Paris, June 12 (EFE).- The electoral colleges of metropolitan France opened Sunday for the first round of the legislative elections, expected to be a close battle between the blocs of President Emmanuel Macron and the new leftist coalition led by Jean-Luc Mélenchon.
More than 48 million people are called to vote in the elections in which the 577 seats in the National Assembly are at stake. The main question is whether Macron will achieve an absolute majority or will be forced to seek alliances.
Polling booths are open from 8am (06:00 GMT) to 6pm in rural areas and small towns, and until 8pm in large cities.
Early voting was already over in most overseas territories. In the 11 French constituencies abroad (as well as in French Polynesia) this first round was held on June 4-5.
One of the elements expected to mark the day, according to pollsters, is a high abstention rate, anticipated to beat the record of 51.3 percent reached in the last elections in 2017.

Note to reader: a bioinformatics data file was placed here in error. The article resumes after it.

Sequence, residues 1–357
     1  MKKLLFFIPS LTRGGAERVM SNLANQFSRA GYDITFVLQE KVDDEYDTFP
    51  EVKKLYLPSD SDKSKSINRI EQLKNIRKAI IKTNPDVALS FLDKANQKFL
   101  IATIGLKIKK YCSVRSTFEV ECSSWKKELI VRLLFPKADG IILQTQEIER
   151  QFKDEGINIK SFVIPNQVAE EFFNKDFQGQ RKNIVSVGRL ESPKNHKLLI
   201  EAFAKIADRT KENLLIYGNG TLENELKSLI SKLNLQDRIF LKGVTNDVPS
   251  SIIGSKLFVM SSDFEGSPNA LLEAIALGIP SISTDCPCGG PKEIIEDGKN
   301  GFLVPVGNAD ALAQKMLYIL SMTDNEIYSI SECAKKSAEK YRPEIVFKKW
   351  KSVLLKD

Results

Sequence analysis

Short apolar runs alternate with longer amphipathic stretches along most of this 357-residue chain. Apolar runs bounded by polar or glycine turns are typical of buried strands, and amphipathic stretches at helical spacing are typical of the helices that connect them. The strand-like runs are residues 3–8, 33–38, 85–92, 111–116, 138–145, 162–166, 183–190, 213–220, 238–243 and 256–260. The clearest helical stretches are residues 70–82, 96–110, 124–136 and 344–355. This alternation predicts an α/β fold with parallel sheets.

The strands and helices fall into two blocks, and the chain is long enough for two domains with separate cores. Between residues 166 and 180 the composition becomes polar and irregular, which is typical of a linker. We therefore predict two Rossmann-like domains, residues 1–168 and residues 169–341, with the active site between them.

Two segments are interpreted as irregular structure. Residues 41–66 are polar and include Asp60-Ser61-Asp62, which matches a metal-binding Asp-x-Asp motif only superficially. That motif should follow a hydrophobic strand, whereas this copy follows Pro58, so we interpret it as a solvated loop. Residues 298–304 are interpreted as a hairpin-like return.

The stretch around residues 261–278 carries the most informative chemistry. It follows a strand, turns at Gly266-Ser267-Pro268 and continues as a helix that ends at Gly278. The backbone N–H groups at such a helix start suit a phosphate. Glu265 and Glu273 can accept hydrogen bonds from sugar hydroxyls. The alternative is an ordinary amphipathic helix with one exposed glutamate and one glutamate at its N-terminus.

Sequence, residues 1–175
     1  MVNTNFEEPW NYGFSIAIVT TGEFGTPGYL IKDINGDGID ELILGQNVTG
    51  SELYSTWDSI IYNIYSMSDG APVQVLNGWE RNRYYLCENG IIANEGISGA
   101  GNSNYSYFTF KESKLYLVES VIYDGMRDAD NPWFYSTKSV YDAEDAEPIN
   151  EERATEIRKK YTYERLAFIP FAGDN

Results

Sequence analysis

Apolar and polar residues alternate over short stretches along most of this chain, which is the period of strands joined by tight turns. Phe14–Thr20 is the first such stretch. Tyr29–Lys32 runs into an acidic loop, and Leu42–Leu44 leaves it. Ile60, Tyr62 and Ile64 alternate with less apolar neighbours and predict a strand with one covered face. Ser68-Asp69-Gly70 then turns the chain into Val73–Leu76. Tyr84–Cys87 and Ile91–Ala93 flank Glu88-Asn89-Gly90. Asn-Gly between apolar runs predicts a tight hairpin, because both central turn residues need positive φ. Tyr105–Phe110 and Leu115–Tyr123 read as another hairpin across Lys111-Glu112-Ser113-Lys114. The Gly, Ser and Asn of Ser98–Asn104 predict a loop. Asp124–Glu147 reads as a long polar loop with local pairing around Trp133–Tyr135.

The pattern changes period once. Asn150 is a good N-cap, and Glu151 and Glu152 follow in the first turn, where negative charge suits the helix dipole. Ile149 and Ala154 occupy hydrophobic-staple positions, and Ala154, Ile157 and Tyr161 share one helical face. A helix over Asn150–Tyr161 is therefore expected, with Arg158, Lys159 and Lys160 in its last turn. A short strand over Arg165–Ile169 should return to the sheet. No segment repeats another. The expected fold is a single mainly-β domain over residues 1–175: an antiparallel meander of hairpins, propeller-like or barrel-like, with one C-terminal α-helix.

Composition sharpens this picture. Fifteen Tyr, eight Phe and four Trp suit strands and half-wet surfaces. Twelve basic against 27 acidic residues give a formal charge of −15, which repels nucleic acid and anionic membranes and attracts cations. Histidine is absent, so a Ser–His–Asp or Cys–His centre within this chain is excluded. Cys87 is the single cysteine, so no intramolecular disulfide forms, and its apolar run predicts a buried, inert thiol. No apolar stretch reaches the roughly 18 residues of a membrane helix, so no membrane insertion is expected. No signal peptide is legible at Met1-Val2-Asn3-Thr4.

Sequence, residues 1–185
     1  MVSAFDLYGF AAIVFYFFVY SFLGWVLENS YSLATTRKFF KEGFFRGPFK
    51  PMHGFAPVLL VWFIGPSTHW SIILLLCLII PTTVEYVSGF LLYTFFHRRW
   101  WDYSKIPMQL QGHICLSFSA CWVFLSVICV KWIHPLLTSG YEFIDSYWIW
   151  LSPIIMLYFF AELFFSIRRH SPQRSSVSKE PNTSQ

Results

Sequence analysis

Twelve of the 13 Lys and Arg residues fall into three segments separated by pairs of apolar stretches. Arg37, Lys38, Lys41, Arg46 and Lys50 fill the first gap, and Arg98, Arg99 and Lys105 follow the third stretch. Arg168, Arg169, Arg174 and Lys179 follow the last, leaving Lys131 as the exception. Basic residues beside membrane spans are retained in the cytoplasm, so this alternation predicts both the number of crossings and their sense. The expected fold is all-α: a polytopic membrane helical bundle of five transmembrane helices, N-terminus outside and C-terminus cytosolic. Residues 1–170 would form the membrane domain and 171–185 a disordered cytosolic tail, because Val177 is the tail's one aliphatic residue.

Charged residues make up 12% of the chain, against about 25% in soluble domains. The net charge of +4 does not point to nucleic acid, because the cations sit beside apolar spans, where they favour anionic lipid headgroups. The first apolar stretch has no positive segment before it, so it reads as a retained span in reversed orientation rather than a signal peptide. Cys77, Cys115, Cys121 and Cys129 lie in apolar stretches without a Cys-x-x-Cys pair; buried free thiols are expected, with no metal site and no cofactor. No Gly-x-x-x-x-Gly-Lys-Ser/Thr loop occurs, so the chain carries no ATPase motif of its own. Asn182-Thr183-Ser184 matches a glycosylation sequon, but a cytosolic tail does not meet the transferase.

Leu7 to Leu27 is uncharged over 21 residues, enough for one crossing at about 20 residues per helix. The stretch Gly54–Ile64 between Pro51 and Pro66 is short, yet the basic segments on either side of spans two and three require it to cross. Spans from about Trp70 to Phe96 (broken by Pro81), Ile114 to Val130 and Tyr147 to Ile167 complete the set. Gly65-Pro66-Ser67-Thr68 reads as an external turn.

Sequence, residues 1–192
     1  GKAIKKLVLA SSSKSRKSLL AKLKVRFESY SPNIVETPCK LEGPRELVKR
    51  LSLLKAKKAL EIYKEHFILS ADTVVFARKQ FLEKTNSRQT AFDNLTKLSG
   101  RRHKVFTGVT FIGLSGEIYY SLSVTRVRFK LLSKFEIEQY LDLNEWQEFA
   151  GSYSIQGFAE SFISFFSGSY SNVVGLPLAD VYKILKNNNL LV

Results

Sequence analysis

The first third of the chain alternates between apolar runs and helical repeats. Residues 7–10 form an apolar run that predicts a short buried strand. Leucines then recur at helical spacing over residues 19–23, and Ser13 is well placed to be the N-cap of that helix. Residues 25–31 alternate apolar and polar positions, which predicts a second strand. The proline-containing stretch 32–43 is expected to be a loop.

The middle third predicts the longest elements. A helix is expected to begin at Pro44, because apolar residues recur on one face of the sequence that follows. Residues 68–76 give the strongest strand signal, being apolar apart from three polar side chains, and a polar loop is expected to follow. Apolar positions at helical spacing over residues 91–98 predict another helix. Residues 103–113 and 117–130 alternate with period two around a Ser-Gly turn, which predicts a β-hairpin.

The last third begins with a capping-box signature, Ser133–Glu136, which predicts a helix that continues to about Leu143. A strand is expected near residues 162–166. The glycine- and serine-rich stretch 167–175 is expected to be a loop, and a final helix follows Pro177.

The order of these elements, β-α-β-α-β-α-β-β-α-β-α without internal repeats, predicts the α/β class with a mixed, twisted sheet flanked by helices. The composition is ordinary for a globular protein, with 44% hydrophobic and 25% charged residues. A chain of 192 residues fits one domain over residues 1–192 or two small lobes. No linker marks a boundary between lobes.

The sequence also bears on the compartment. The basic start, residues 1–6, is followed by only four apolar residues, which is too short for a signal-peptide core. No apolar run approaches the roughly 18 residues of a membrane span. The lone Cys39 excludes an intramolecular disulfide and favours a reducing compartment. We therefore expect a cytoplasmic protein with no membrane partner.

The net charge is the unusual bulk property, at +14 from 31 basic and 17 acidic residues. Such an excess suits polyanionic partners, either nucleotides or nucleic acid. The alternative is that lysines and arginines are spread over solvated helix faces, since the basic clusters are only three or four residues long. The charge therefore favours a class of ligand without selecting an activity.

They also predicted in the latest polls published up until Friday that Macron’s camp, under the Ensemble brand, and that of Mélenchon, of the New Ecological and Social Popular Union (Nupes), could end up in a neck-and-neck race.
If Nupes wins, which was not the hypothesis favored by the polls, it would be a huge success for the new coalition that brings together La France Insoumise, the environmentalists and the socialists.
It would be a leading role, due in part to the slogan chosen for the electoral posters, which talks of Mélenchon becoming the next prime minister, and forcing an alliance with Macron, which would be a situation unprecedented since 2002.
However, Mélenchon as PM at the end of the second round on June 19 does not seem realistic as polls clearly predict that Macron’s bloc will have a majority in the National Assembly. Whether it will be an absolute majority (at least 289 seats out of the 577) is yet to be seen.
The predicted number of seats for Ensemble are 280-330, while Nupes would stay with 160-190 deputies, which would place it as the largest opposition group by far. EFE